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  • Article: Visa Lottery Program In Trump World; Attestation Of Translation Dangers; DNA Testing Standards; Interviews For Employment Based Cases; Interpreter Acceptability At U.S.C.I.S. Interviews; Eb-5 China Case Backlog And Trump By Alan Lee, Esq.

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    1. Visa lottery program – Lashing out and politicizing tragedy, Mr. Trump predictably attacked the visa lottery (diversity visa) program which brought in Uzbekistan-born Sayfullo Saipov, accused of killing 8 and maiming about a dozen in Manhattan by use of a rental truck. Yet the President has remained virtually silent on the issue of even banning “bump stocks”, the rapid-fire enabler of the military rifles of the Las Vegas shooter who killed 58 and wounded 489 on October 1st , following his announcement on October 5th that he would consider a ban. And he laid blame for the visa program at the feet of Democratic Senator Chuck Schumer (NY) who, while sponsoring the bill that made the temporary program permanent in 1990, also called for its repeal as part of comprehensive immigration reform in 2013 – legislation that passed the Senate but was killed by the Republican House. Very few on either side of the aisle have a problem with eliminating the program, but quickly using the incident to promote his agenda was sickening and hypocritical. Mr. Trump has been advocating the RAISE (Reforming American Immigration for Strong Employment) Act, a bill by Republican Senators Tom Cotton (AR) and David Perdue (GA), which would eliminate the program along with cutting U. S. immigration by approximately half within the next 10 years. There is much opposition to this drastic reduction in immigration numbers, and Mr. Trump was eagerly opportunistic in seizing on the tragedy. The reasonable solution advocated by many has been the reassignment of the 50,000 visa lottery numbers to the family or employment-based categories, where they can be used to reduce backlogs and waiting time of persons waiting to immigrate to this country. One possible use could be in eliminating backlogs in otherwise oversubscribed country categories such as China’s EB-5 immigrant investor preference, India and China’s EB-2 (professionals with advanced graduate degrees or exceptional ability) and EB-3 (professionals, skilled workers, and other workers) categories, and Mexico’s family-based categories.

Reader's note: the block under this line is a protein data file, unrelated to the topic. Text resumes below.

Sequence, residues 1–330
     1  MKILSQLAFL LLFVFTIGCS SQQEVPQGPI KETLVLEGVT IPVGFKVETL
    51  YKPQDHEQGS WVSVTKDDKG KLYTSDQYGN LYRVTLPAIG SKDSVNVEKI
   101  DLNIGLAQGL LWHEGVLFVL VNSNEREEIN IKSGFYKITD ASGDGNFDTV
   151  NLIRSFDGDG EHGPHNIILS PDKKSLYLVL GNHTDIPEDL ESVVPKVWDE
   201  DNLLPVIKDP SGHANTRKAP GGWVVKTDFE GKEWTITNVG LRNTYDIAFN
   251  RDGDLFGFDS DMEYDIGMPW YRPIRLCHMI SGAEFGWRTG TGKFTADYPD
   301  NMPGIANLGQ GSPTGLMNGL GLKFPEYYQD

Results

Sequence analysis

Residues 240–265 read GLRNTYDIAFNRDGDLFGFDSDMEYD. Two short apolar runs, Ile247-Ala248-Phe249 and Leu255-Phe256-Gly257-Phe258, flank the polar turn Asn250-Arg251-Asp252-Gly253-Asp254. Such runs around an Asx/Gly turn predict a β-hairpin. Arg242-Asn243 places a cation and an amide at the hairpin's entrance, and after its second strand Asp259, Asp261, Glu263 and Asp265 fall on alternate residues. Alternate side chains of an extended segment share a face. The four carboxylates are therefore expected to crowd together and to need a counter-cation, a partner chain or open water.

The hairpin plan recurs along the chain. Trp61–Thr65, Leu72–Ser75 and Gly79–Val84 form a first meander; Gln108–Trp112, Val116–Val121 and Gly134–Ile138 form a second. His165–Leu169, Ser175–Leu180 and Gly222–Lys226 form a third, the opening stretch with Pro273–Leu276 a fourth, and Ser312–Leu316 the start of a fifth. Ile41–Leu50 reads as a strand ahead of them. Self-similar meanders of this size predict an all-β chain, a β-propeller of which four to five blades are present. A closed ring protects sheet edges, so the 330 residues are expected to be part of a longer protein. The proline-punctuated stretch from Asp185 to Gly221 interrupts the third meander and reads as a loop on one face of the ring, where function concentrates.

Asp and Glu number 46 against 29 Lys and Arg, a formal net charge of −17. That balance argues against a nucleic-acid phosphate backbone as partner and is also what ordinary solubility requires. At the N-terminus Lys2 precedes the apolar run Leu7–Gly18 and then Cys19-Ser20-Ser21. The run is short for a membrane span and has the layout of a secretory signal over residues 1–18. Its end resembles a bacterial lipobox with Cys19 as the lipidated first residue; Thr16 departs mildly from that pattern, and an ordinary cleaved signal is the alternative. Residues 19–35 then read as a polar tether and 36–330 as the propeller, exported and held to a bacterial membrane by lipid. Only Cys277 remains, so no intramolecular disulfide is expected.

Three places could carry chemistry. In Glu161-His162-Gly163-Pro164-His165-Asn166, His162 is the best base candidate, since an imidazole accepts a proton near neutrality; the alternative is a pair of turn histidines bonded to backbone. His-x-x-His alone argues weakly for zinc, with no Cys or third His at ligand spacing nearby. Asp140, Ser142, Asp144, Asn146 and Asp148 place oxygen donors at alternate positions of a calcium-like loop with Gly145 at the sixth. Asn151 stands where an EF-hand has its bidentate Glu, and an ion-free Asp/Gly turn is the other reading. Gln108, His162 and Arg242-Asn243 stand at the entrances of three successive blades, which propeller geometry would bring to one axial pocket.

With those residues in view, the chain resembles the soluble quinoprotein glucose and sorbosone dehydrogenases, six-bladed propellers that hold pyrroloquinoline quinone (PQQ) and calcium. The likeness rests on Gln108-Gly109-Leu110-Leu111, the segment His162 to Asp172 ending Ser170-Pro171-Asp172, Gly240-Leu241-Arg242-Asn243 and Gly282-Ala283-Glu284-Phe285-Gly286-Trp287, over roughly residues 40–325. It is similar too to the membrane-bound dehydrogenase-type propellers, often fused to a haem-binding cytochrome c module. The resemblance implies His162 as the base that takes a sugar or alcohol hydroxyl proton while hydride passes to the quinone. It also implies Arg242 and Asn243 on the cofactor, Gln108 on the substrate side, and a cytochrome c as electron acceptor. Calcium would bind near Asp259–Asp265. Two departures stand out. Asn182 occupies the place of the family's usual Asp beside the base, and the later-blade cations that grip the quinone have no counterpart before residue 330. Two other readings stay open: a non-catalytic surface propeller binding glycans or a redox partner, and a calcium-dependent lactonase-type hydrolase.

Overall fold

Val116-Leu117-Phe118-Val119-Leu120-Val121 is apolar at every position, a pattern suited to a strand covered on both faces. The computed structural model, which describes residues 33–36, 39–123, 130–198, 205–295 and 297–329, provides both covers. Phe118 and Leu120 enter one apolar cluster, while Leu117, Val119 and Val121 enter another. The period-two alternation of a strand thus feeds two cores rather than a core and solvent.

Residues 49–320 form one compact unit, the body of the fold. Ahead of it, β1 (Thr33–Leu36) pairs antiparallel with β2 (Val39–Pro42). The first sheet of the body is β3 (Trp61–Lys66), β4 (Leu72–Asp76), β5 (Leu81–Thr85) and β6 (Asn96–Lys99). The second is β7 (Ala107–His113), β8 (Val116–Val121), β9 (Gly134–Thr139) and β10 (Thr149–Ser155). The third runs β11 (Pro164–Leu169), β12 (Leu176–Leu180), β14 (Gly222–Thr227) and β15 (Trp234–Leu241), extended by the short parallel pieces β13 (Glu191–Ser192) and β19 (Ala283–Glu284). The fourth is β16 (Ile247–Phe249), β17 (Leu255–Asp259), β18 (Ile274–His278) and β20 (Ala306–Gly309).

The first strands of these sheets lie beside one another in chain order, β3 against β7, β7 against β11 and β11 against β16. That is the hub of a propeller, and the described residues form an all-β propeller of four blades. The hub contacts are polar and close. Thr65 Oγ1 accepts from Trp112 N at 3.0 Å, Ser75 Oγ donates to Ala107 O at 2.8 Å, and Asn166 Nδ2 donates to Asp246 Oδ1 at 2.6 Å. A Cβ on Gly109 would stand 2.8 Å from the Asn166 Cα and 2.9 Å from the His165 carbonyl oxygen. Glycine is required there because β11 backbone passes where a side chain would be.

2. Attestation of translation – This office and those of other immigration lawyers have recently received (RFEs) Requests for Evidence from U.S.C.I.S. disallowing the consideration of submitted materials for lack of language on the translation attestations not strictly adhering to the regulatory language. The American Immigration Lawyers Association (AILA) received reports from its members of U.S.C.I.S. denials due to failure to submit a complying attestation of translation. The regulatory language requires that the translator certify that he or she is “competent” to translate and that the translation is “complete and accurate.” While the agency may have the right to require that attestations follow the regulatory language, it should in fairness have given warning that it would demand such strict adherence in future cases rather than imposing the requirement on already submitted petitions and applications – especially as it receives translations from every country in the world done by armies of translators and has never before been restrictive on the format of attestation as long as the language demonstrated that the translator had sufficient knowledge of English and the foreign language to make the translation and did it to the best of his or her ability. The language rejected in our case was from a translation service in China in which the translator identified himself as an English-language professor and PhD in translation theory and practice at a university; that he was also a translator with the translation service which is a professional translation company affiliated with the university; that he certified that he had made the translation from the attached documents in the Chinese language to the English language and that such was a true and correct translation to the best of his knowledge, ability and belief.